Granted, it isn’t as if Sex & the City is a show that most people hate. But it’s a starting point. And no matter the confidence shown by some of you that I, too, will like this show, I’m not hopeful. Maybe in small doses, but not a whole season of it at once. That’s an overdose of idiocy. I’ll be cranky by the time it’s over. And yet, I leave the call open for more. Name something that I can watch for, let’s say, up to 12 hours straight that would be on par with the above. It can be a show, a series of videos, a collection of movies, you name it and I’ll do it. And I’ll live blog the event. This is your chance to annoy me. Make it count. The only caveat–naturally–is that it’s something I have to be able to get my hands on in order to watch.

So, today at 4. It begins. I hope to utilize the live blog function for live events as well. The Oscars, for example. Or the Super Bowl, so that we can pick apart the new commercials and Madonna’s attempt at a halftime show. What other live shows/events should I do?

I wanted to post a video from Family Guy, referencing Sarah Jessica Parker’s face looking like a foot, but I couldn’t find it and I need more coffee. Hopefully, I’ll find it in time to include it today’s live blog. In the meantime, an dead friend of mine–a hacker, obviously–has resurrected his Twitter account. He claims he’s going to use it to tell people the truth about life, but from what I can gather, he just wants to annoy people. One of his opening salvos was this one about Tim Tebow. After that, he went on a mini-rampage about Christianity, then disappeared. Hopefully he comes back, whoever he is.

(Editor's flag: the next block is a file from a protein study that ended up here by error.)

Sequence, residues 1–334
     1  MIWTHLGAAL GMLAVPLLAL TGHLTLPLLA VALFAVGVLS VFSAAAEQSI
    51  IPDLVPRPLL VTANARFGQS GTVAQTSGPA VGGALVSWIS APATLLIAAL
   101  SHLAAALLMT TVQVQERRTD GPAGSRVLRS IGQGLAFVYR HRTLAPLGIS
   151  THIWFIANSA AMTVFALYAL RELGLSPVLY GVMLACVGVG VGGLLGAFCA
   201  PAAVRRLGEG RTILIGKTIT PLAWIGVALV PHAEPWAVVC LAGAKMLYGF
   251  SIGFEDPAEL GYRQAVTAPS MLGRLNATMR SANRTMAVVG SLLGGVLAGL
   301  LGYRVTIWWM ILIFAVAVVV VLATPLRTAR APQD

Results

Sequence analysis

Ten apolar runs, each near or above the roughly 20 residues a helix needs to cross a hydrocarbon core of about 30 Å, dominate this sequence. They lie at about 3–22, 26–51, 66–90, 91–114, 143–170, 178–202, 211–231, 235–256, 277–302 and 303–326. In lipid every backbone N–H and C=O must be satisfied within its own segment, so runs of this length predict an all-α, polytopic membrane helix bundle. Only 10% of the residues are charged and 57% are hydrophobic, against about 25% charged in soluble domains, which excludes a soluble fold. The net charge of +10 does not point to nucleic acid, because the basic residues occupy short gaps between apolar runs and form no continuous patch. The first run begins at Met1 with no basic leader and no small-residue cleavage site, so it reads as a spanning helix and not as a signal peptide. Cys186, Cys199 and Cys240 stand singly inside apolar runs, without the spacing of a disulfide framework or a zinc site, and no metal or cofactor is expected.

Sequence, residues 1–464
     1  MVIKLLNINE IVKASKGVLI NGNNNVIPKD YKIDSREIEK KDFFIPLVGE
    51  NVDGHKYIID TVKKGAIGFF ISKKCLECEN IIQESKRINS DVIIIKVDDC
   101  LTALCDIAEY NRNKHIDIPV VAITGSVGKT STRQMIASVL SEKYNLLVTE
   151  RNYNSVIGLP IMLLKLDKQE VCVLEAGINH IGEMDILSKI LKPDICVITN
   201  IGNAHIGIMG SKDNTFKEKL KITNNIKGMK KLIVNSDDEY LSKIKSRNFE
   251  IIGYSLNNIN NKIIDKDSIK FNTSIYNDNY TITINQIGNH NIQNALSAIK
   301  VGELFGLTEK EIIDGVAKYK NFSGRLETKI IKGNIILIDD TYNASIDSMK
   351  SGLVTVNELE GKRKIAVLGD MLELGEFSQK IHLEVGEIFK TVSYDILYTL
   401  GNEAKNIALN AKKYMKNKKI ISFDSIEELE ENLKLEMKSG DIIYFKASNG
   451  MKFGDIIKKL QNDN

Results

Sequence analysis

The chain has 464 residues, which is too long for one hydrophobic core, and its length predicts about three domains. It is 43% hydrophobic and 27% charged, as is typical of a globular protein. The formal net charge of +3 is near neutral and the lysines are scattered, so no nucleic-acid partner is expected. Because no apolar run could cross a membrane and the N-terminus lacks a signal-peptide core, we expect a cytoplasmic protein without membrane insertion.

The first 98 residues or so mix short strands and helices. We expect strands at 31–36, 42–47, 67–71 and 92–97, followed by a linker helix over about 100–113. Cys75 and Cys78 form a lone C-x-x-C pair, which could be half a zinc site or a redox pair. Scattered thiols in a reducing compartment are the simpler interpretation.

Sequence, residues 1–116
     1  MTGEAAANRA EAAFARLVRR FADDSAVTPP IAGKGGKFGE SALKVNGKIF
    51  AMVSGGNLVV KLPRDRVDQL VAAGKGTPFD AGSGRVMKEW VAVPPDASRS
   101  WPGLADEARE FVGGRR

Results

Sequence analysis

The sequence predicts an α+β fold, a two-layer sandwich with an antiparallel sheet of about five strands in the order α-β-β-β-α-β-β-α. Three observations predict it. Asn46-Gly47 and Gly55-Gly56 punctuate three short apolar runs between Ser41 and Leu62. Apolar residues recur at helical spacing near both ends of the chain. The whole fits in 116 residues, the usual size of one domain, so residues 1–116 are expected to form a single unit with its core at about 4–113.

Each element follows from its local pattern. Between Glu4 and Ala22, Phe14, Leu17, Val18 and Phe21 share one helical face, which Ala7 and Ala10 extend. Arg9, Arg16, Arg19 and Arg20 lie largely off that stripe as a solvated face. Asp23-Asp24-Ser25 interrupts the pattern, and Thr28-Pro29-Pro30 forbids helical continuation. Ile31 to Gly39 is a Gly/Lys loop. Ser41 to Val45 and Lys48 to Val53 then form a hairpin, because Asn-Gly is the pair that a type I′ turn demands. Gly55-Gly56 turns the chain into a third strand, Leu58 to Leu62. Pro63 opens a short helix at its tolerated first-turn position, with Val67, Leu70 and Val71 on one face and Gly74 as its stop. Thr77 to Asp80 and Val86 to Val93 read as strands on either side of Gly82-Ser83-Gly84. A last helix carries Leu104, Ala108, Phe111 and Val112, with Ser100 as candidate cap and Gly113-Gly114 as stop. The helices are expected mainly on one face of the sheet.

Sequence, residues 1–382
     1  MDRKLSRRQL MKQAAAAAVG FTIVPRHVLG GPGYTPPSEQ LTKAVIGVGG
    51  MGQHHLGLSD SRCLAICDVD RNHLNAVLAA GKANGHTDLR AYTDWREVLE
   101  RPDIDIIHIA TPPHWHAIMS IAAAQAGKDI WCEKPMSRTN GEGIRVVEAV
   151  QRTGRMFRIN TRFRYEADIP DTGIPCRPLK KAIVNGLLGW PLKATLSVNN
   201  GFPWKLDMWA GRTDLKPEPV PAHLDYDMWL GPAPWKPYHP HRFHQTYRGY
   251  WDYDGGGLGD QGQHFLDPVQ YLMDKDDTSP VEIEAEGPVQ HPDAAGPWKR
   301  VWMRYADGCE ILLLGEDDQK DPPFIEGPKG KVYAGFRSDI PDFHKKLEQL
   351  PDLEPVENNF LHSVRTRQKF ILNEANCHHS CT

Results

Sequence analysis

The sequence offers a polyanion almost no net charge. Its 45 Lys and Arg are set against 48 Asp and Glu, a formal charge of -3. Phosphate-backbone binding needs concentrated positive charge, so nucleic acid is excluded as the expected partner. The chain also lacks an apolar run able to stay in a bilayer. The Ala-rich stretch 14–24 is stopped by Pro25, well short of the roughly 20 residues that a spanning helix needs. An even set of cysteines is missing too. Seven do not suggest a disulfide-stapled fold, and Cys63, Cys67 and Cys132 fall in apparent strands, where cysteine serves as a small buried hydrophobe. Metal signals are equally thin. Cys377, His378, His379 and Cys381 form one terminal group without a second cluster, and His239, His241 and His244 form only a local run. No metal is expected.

Jesus is no Broncos fan

The Not Way to the Bye Way

Here’s a little note to all the writers out there who are attempting to get their books–self-published or otherwise–into independent bookstores: While social media may indeed be a useful tool in which to market/promote yourself/your work, it’s also a trap that prohibits you from making real, honest, contact with the booksellers who will sell your work.  Don’t allow yourself to believe that it has usurped the more professional form of contact that bookstores for years have relied upon.  Phones still ring in the store, and if they don’t, well, then you don’t need to worry about that store.  The mail, despite rising costs, is still delivered, and stores also receive a type of mail known as “electronic mail”.  You might even want to utilize the non-social media aspects of the internet, and find that store’s web page.  Even Google would suggest that route, and if it’s good enough for Google, it’s good enough for you.